World Bank’s Growth Forecast for India

By Amigos IAS

Why is it in the news?

  • Recently, the World Bank in its India Development Update (IDU), which is the Bank’s flagship report on the Indian economy retained India’s growth forecast at 6.3% for the year 2023-24. This forecast was consistent with the projection made by the World Bank in April for the same period.
  • India had recorded a growth rate of 7.2% in the fiscal year 2022-23.
  • The Reserve Bank of India (RBI) predicted a 6.5% growth rate for India in 2023-24.

More about the news

Factors Impacting Growth

  • The expected moderation in growth was attributed to challenging external conditions and a decrease in pent-up demand.
  • Despite this, the service sector was expected to remain strong with a growth rate of 7.4%, and investment growth was projected to stay robust at 8.9%.

 India’s Resilience

  • India was noted as one of the fastest-growing major economies in 2022-23, with a growth rate of 7.2%.
  • India’s growth rate was the second-highest among G20 countries and nearly double the average for emerging market economies.
  • India exhibited resilience in a challenging global environment.

 Inflation and labour market

  • The report highlighted improvements in the labour market, with significant declines in unemployment rates for men and youth.
  • However, the increase in women’s workforce participation was primarily driven by unpaid family work.

 Female labour force participation

  • The report emphasized the need for India to increase its female labour force participation rate to achieve high-income country status.
  • India’s female labour force participation rate is 25%, significantly lower than the average of around 50% for emerging market economies.

 Global Economic Challenges

  • Global challenges, including high global interest rates, geopolitical tensions, and sluggish global demand, were expected to persist and intensify.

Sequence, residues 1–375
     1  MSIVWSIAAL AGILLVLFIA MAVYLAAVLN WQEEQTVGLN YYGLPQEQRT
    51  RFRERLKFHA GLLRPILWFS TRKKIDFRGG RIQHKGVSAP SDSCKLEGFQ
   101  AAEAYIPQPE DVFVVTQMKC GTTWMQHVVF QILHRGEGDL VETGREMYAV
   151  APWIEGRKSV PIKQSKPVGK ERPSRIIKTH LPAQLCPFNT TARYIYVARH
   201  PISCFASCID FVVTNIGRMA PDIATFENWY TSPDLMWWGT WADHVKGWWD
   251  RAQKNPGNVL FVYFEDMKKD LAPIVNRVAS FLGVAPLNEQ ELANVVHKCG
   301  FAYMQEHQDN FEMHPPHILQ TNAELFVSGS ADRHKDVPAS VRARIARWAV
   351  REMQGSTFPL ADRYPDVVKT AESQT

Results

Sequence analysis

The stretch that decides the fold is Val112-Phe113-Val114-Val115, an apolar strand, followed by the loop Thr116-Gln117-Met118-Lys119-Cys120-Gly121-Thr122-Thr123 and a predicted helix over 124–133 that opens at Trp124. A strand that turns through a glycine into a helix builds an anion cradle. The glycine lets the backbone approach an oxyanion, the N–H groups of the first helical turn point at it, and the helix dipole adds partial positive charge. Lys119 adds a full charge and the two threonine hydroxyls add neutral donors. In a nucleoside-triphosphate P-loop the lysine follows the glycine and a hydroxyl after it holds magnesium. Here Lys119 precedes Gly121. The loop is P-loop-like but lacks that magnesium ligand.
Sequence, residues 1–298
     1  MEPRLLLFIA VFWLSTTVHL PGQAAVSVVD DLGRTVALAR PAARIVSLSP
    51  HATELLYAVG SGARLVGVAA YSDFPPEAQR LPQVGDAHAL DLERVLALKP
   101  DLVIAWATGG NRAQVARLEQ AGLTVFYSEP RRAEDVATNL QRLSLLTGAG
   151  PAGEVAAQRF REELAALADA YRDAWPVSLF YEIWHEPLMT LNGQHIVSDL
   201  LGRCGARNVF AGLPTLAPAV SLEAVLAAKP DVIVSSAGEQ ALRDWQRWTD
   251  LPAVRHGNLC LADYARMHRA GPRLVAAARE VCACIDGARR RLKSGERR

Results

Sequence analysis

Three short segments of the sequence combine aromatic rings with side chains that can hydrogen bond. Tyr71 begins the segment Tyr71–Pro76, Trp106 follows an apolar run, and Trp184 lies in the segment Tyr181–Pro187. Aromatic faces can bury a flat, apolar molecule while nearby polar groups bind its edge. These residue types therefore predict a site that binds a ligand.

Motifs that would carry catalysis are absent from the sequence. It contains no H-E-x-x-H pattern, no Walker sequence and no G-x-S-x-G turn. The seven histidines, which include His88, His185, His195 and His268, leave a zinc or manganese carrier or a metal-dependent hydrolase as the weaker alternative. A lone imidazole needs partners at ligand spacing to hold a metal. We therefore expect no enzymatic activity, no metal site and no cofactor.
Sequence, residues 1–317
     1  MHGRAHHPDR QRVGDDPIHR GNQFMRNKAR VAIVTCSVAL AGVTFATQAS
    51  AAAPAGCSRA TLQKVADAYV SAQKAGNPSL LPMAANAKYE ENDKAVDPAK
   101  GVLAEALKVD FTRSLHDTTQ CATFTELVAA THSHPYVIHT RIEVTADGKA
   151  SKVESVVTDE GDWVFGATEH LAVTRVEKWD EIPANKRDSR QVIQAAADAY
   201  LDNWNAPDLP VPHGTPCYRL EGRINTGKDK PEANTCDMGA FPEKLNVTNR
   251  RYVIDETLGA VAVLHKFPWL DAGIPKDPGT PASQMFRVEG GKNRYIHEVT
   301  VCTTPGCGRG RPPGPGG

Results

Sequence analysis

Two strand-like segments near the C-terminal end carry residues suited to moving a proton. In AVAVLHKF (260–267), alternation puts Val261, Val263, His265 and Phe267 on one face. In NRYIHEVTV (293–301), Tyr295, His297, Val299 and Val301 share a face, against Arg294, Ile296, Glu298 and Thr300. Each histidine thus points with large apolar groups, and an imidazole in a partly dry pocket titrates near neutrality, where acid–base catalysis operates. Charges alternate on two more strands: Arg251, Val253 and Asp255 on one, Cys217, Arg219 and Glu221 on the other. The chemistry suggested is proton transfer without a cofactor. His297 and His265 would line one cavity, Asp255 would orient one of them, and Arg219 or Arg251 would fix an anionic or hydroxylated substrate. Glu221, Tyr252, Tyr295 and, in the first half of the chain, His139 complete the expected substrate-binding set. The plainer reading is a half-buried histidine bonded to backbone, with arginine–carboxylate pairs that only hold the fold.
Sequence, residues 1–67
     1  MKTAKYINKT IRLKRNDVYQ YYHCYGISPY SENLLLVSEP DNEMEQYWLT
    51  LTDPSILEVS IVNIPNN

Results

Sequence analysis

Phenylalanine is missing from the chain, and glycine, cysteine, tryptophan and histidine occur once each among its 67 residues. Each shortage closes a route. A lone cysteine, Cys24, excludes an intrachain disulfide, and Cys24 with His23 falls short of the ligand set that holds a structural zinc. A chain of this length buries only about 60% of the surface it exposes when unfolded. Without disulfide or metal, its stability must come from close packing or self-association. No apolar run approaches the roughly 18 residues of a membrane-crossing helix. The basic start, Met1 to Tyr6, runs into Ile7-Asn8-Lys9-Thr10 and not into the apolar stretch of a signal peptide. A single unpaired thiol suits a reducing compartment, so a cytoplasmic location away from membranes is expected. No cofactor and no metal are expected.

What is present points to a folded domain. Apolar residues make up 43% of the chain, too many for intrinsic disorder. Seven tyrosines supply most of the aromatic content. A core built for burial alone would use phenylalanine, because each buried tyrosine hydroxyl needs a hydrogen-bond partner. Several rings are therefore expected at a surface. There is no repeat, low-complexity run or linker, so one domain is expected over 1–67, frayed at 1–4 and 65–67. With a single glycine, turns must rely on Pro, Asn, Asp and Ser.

• These challenges would likely lead to a slowdown in global economic growth over the medium term.

 Opportunities For India

  • The World Bank suggested that India could tap into public spending to attract more private investments, creating favourable conditions for higher growth.
  • Foreign direct investment (FDI) in India was expected to increase as global value chains rebalanced.

 Fiscal and External Front

  • Fiscal consolidation was expected to continue, with the central government’s fiscal deficit projected

to decline from 6.4% to 5.9% of GDP.

  • The current account deficit was expected to narrow to 1.4% of GDP, with sufficient financing from foreign investment flows and substantial foreign reserves.Top of Form
About World Bank
  • It was created in 1944, as the International Bank for Reconstruction and Development (IBRD) along with the The IBRD later became the World Bank.
  • The World Bank Group is a unique global partnership of five institutions working for sustainable solutions that reduce poverty and build shared prosperity in developing countries.
  • The World Bank is one of theUnited Nations’ specialized agencies.


  • It has189 member countries.
  • India is also amember country.

Major Reports

  • International Bank for Reconstruction and Development (IBRD)
  • International Development Association (IDA)
  • International Finance Corporation (IFC).
  • Multilateral Guarantee Agency (MIGA)
  • International Centre for the Settlement of Investment Disputes (ICSID). India is not a member of ICSID.

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